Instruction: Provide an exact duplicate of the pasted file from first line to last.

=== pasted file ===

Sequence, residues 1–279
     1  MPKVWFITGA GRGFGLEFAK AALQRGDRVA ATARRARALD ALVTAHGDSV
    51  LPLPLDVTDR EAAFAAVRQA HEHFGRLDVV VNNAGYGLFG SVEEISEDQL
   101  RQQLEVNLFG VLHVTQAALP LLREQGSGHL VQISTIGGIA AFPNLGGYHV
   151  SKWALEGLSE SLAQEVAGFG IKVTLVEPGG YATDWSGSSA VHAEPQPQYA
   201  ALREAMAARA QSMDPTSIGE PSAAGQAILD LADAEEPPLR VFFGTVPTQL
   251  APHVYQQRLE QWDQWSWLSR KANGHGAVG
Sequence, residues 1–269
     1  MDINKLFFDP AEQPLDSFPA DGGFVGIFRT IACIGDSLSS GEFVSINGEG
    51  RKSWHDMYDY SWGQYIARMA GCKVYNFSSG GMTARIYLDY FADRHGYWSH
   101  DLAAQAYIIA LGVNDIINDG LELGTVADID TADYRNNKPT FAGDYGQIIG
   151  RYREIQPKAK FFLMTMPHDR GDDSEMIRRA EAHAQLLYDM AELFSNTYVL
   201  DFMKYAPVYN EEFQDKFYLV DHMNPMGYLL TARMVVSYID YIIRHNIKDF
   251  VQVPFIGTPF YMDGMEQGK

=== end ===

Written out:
Sequence, residues 1–279
     1  MPKVWFITGA GRGFGLEFAK AALQRGDRVA ATARRARALD ALVTAHGDSV
    51  LPLPLDVTDR EAAFAAVRQA HEHFGRLDVV VNNAGYGLFG SVEEISEDQL
   101  RQQLEVNLFG VLHVTQAALP LLREQGSGHL VQISTIGGIA AFPNLGGYHV
   151  SKWALEGLSE SLAQEVAGFG IKVTLVEPGG YATDWSGSSA VHAEPQPQYA
   201  ALREAMAARA QSMDPTSIGE PSAAGQAILD LADAEEPPLR VFFGTVPTQL
   251  APHVYQQRLE QWDQWSWLSR KANGHGAVG
Sequence, residues 1–269
     1  MDINKLFFDP AEQPLDSFPA DGGFVGIFRT IACIGDSLSS GEFVSINGEG
    51  RKSWHDMYDY SWGQYIARMA GCKVYNFSSG GMTARIYLDY FADRHGYWSH
   101  DLAAQAYIIA LGVNDIINDG LELGTVADID TADYRNNKPT FAGDYGQIIG
   151  RYREIQPKAK FFLMTMPHDR GDDSEMIRRA EAHAQLLYDM AELFSNTYVL
   201  DFMKYAPVYN EEFQDKFYLV DHMNPMGYLL TARMVVSYID YIIRHNIKDF
   251  VQVPFIGTPF YMDGMEQGK